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You know your son better than any of us ofcourse; but I think you may want to consider the risk you are taking. If he is still using drugs, and he will be on your premises, he may turn violent, he may do some of the typical things drug users do such as over run the bath, leave ovens and irons on, be escorted back by police, fight with neighbours in the early hours, have accidents etc. There is a level of insanity that you are bringing into your home. I know someone very dear who is an habitual drug user and homeless and I would love her to stay with me. But I cannot allow it because I need to be he to supervise her even though she is five years older than me. I cannot be here all the time so she cannot move in - as simple as that.
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Old 12-26-2007, 04:43 PM   #4 (permalink)
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Hi and Welcome,

I think you need to be sure of your boundaries with your son. You need to establish for yourself and for your son, what lines will not be crossed. If you won't allow him to use drugs while he is staying with you, then you need to be prepared to do what would be necessary if he does. Getting sober takes a lot of motivation and it's great that you are helping your son, but as you said, he needs to do this himself.
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Old 12-26-2007, 04:45 PM   #5 (permalink)
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What a frightening situation to be in. Our instincts are to protect and love our children no matter what. Unfortunately their actions can put them in situations we can not fix for them. This is one of those. My parents love me and warned all of us children about alcoholism and the fact that it ran in both sides of their family. I failed to heed their warnings thinking I could handle it. I wasted nearly 20 years of my life thinking I could handle it. I am sure that the pain, worry, and fear I caused my parents at times was miserable for them. I tried several times to come home so they could fix me, but it was only when I accepted that no person could fix me that I was able to find a lasting solution to my problem. I had to be sick of being sick and tired. I had to get to a place where I could not live with alcohol but did not know how to live without it.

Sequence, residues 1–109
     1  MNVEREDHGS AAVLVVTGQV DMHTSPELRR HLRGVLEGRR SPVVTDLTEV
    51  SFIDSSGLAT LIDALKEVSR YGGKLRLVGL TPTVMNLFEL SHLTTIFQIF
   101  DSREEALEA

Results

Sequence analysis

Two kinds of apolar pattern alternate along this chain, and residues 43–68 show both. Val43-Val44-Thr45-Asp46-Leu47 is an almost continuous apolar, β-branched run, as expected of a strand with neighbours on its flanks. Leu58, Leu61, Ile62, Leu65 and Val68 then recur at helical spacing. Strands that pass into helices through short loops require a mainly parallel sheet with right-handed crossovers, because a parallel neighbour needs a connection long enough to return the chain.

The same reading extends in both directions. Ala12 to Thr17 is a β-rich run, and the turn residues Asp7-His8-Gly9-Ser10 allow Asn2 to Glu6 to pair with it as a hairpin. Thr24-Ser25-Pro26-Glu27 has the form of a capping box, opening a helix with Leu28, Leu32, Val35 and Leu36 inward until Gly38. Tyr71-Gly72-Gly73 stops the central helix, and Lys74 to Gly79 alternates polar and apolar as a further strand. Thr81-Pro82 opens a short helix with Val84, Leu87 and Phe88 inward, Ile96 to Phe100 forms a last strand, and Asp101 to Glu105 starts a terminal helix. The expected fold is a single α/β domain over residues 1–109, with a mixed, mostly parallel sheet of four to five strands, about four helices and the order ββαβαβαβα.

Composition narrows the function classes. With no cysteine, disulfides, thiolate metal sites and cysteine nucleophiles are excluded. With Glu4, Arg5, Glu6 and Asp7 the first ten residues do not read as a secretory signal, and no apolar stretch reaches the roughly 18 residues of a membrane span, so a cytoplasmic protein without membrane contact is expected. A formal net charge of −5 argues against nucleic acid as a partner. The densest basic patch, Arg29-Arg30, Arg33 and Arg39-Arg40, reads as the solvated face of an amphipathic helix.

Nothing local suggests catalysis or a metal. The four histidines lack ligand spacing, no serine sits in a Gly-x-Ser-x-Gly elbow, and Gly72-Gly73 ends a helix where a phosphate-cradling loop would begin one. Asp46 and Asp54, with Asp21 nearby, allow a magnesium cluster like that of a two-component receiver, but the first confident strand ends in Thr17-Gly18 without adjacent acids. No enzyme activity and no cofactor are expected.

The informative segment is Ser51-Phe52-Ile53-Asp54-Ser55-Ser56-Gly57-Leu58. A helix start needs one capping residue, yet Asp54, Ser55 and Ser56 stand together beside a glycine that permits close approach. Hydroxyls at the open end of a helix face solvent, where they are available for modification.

I am sorry that I am not able to offer you more help but I would recommend checking out our friends and family forum as there is a lot of support and experience there related to what you are going through. Here are links to the alcoholism friends and family
http://www.soberrecovery.com/forums/...ly-alcoholics/
and the friends and families of substance abusers forum.
http://www.soberrecovery.com/forums/...tance-abusers/

Take care, and welcome to SR.
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Old 12-26-2007, 08:11 PM   #6 (permalink)
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Welcome to SR....

I too am the Mother of 2 adult alcoholics/ addicts
Don't be as trusting as I was.

Put your good jewelry in a safe deposit box
or never take it off.
Cash and credit cards check books and car keys
Cameras and anything valuable will be at risk.

I finally severed contact to preserve my sanity
I let them go and let God take care of them.

Blessings to all of you
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Old 12-26-2007, 10:46 PM   #7 (permalink)
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Wow.

I'm with 51Anna and Carol.

Hope that helps. *shrug*.
Educate yourself and find out what 'enabling' is - and resolve not to do it. You might need to make some resolutions between yourselves also - and any rules made - KEEP them.

I had to also draw an inerasable line ... it was by far the hardest thing I've ever done.

I'll keep you in my prayers.
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Old 12-27-2007, 10:37 AM   #8 (permalink)
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Sitting on pins and needles